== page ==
The exact number of children residing in the Narodichesky region between 1993 to 1998 is unknown. Of the 11,400 residents, approximately 2,000 children are children. Data of all exams (1993 to 1998) were included. Officially, participation in the exams was obligatory. However, authorities did not enforce participation. Hence, the term 'obligatory' primarily reflects the opportunity of having annual examinations. Overall, approximately 75% participated in at least one of the examinations (1,459 of about 2,000 children residing in the region). Of these, 1,247 children had a blood sample analyzed (86%), which resulted in 4,981 repeated measurements (Table 3). About one third of the children were 4.5 years and younger, but only 15.9% of the measurements came from these children, indicating a lower participation in blood sampling. The oldest child was born in 1979; the youngest in 1996. Data from the children born in 1986 will be analyzed and reported in a separate paper. Of our cohort, 549 children were born before and 698 after the accident (Table 3). In 75% of the available data, the first participation was documented in 1993, however, the measurements were nearly equally distributed throughout the years. In 1993, we had 886 measurements; 786 in 1994; 787 in 1995; 783 in 1996; 1,030 in 1997; and 709 in 1998.

Because erythrocyte count and hemoglobin concentration measurement represent a nearly identical feature, these markers are highly correlated (r = 0.72, Table 4). The other markers did not show high rank-correlations indicating independent measurements.

Table 4 Median, minimal and maximal values, and rank correlation of hematological markers #

The intraclass-correlation coefficients (ICC) for the four markers over the six years are: erythrocyte count: ICC = 0.4 (5% confidence level: 0.37), for hemoglobin: ICC = 0.59 (5% confidence level: 0.57), for thrombocyte count: ICC = 0.54 (5% confidence level: 0.52), and for leukocyte count: ICC = ICC = 0.53 (5% confidence level: 0.51). These results document substantial stability of the measurements.

Including all cohort children, the repeated measurement analyses (mixed models) showed significant effects for the residential 137Cs measurements (quintiles), the time of the medical examination, and the 137Cs × time interaction (Table 5). To illustrate the interactions of time and exposure, we extracted mean values for residential exposure classes and years from the mixed models (see details in Additional file 1).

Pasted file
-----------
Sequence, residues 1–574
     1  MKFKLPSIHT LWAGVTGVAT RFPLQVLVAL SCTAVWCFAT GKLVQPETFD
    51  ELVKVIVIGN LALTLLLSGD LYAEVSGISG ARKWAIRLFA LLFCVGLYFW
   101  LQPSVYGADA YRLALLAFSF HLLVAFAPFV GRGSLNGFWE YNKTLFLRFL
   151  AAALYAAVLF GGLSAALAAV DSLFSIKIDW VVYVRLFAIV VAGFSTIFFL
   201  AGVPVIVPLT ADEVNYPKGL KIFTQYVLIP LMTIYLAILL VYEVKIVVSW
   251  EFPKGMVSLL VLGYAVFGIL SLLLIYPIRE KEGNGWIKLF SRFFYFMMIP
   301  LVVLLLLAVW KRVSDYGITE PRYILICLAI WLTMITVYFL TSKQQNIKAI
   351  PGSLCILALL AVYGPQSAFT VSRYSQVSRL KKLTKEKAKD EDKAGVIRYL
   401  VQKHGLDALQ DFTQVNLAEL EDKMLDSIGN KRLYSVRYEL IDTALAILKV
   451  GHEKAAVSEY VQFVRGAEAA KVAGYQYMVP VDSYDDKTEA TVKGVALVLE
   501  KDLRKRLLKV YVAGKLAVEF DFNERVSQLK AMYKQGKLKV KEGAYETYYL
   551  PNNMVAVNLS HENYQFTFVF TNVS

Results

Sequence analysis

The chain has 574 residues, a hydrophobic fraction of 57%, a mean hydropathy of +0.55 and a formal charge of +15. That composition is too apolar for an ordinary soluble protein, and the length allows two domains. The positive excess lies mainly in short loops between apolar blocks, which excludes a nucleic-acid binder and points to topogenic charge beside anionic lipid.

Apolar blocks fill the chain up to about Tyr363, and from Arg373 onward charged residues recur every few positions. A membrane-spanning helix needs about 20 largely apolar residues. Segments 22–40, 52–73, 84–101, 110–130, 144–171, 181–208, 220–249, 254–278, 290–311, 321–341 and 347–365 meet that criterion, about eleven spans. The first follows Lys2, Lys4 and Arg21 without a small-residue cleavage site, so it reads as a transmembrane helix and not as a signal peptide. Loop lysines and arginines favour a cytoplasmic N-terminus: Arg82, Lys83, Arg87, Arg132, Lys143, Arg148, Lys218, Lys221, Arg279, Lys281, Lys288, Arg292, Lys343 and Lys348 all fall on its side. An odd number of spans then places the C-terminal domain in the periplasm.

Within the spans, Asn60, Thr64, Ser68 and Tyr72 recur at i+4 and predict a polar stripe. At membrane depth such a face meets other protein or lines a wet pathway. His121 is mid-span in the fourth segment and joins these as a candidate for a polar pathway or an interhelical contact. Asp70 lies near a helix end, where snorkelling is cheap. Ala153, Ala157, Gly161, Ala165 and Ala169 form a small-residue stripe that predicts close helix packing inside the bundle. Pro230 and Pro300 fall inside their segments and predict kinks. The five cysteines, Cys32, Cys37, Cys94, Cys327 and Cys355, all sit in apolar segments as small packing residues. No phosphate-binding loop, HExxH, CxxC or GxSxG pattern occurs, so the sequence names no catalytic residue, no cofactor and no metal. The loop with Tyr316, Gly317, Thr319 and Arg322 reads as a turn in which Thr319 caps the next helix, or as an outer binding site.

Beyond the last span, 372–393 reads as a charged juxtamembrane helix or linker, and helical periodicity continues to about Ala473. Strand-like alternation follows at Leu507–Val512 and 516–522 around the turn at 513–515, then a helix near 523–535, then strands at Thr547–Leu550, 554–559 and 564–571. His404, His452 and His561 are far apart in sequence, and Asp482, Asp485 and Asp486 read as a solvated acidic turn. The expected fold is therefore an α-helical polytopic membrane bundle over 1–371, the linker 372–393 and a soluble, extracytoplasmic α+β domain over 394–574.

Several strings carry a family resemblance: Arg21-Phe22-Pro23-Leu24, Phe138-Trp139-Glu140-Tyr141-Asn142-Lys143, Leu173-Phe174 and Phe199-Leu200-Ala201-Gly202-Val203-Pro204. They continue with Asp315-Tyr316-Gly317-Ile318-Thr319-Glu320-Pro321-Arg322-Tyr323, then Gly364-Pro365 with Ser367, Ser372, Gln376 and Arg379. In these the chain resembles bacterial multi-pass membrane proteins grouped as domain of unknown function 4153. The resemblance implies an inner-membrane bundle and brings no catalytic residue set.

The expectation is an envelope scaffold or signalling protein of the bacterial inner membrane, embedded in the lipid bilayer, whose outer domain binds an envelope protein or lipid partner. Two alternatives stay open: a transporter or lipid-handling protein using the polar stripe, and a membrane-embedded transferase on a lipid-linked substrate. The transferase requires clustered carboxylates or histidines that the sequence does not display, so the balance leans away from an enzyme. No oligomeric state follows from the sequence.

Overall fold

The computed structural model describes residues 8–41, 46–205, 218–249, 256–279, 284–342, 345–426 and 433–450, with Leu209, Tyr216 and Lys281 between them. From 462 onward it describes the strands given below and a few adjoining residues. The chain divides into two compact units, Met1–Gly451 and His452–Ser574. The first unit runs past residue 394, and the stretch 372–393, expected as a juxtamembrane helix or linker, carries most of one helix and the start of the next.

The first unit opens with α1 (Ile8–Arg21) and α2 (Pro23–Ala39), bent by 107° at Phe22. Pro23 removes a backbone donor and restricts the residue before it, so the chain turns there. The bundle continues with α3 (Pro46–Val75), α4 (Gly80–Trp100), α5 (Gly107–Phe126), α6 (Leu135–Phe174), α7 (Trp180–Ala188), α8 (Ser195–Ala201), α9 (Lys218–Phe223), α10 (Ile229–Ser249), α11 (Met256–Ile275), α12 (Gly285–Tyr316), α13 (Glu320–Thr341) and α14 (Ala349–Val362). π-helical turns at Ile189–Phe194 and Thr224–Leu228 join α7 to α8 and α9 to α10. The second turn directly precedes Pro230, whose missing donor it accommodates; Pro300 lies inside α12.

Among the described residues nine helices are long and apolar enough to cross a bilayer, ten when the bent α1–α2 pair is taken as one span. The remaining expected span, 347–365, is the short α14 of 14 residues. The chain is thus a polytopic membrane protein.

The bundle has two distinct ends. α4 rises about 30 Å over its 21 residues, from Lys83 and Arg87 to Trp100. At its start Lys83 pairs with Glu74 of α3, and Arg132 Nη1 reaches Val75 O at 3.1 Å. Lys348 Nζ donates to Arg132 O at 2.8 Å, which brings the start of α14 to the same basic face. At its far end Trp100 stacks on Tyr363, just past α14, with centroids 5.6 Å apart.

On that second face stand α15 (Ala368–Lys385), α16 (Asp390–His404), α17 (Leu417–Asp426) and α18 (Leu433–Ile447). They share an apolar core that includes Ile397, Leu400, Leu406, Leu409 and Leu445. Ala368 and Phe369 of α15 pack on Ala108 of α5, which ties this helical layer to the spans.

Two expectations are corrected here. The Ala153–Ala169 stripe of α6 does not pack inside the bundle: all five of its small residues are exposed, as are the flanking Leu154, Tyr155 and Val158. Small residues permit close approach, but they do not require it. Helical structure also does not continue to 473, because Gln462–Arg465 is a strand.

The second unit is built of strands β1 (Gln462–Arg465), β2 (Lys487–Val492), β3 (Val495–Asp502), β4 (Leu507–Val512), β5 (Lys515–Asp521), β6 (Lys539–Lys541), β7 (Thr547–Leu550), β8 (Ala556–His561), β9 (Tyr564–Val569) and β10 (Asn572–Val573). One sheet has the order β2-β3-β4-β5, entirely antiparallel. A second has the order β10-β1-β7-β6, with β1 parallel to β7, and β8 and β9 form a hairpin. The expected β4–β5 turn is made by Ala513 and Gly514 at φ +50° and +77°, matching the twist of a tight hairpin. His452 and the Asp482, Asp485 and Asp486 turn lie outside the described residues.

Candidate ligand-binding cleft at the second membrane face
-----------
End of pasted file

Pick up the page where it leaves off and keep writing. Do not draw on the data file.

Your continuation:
Table 5 Statistics of the models including the interaction of area contamination and year of measurement #

The erythrocyte count shows a minor increase from 1993 to 1998 (Figure 2), starting from below 4 × 1012 cells per liter to more than 4.1 × 1012 cells per liter. The improvement is less in the two groups of children with higher residential exposures; thus the exposure gradient becomes stronger in 1998 compared to 1993. A similar trend is obvious for hemoglobin. Both markers show a dip in 1996, which is not explained by age in general nor by a particular age in girls (age at menarche). For platelet counts, it is obvious that children in all 137Cs exposure groups improved over time (Figure 3). The exposure gradient is stronger in 1993, but diminished in 1998. There seems to be no further increase after 1997. Figures 2 and 3 show lower values in 1996 in all exposure groups.

Figure 2
figure 2

Changes of erythrocyte counts and hemoglobin over the years of observations by 137 Cs exposure. The 137Cs contamination is grouped into quintiles. For hemoglobin: 1 g/dL equals about 0.6206 mmol/L.

Figure 3
figure 3

Changes of platelet counts over the years of observations by 137 Cs exposure. The 137Cs contamination is grouped into quintiles.

There appears to be exposure-response patterns in all graphs; however, the second to the highest exposure group showed the strongest effect in all four outcomes. Compared to the second highest group, the highest residential exposure group includes a higher proportion of semi-rural children, from Narodichi, the administrative center of the region (Table 2).

For leukocyte counts, the exposure gradient did not change between 1993 and 1998 (Table 6). Starting with a soil contamination of about 165 kBq/m2, the leukocyte count is approximately 1 million cells per liter lower in the group of children with the highest soil contamination. A similar reduction was found for children born after the accident in 1986 (data not shown). However, the count increased over the time period from 1993 to 1996.